Cartography Guide

A short, friendly guide to basic principles of map design

Bivariate Choropleth

When to Use

Bivariate choropleth maps combine two datasets (usually numerical data) into a single map allowing us to show relatively how much of X (variable 1) and Y (variable 2) exist in each enumeration unit. They inherent many of the same strengths and weaknesses as univariate choropleth maps, which are outlined here. Like all bivariate maps, these maps encode two numbers/facts per location and are, therefore, graphically efficient.

Concerns

All other things being equal, bivariate choropleth maps are more difficult to read than univariate choropleth maps because they simply contain more colors. A 4-class univariate choropleth map has 4 colors whereas a 4-class x 4-class bivariate map has 16 colors, which is many more colors than we’d recommend putting on a univariate map (8 or 9 classes in an oft-cited upper limit). Having 16 different shades of color on the map makes it more challenging to reliably discriminate each color, especially on complex maps due to simultaneous contrast. That is not to say it is impossible, especially if using well-designed color schemes. Many elegant and effect bivariate choropleth maps exist, but be aware that the more general your audience—and the less time folks spending reading it—the more you may want to default to a simpler univariate map.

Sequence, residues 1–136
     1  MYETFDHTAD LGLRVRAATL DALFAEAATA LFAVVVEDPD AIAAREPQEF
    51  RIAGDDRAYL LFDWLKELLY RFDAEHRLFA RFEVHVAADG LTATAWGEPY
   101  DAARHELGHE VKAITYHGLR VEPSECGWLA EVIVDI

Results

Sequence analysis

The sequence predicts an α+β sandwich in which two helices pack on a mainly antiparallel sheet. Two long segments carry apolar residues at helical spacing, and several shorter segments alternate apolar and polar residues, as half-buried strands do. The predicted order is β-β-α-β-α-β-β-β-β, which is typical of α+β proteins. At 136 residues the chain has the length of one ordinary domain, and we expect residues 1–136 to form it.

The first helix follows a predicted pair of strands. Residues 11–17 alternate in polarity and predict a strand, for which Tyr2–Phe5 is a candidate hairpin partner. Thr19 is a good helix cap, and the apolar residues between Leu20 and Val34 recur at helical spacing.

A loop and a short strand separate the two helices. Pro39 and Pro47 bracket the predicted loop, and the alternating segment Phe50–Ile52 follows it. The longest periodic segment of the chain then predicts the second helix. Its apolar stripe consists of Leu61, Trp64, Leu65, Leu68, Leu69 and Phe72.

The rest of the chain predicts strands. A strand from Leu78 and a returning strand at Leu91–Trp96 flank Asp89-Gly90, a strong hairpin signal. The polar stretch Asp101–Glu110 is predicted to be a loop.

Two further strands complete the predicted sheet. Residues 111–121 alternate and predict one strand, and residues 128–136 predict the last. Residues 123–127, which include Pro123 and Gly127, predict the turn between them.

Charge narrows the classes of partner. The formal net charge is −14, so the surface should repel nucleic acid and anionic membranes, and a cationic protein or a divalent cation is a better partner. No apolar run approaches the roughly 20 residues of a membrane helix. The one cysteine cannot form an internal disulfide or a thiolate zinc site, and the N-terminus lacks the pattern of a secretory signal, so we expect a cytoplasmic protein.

Example Map

This is a 3-class x 3-class bivariate choropleth map from indiemapper that uses a diverging x diverging scheme (more here about color schemes. Below that is a scatterplot which allows you to see the numerical distribution of your observations and make informed decisions about how to best classify your data (more here about data classification. Just like a histogram for single-variable maps, a scatterplot is a useful tool for devising classification schemes for bivariate choropleth maps.

Diverging Versus Sequential Color Ramps

There are two kinds of bivariate choropleth color schemes: diverging x diverging, and sequential x sequential. Both should be used with either numerical data or with rankable categorical data. With sequential, colors simply go from light to dark across the color ramp; it is cartographic convention that “darker = more” so that the larger numbers attach to the darker colors, although if your map is going to be displayed against a dark background, that rule is inverted (it is the “high contrast” colors, against the background, that are the most easily seen and stand-out).

Diverging schemes, whether for a single-theme map or a bivariate map, should only be used if there is a meaningful midpoint and you want to highlight how places diverge away from that break point. For example, a map with both positive and negative numbers could place zero as the middle class (or break point), making it easier to see places that are going up or down. Another example would be 50% of the vote in a 2-party election: colors would get darker/stronger in both directions are we move away from that natural break point of 50% (a tied vote).

For some good example color schemes and a useful—as well as very practical—discussion on bivariate choropleth maps, take a look at this article by Josh Stevens.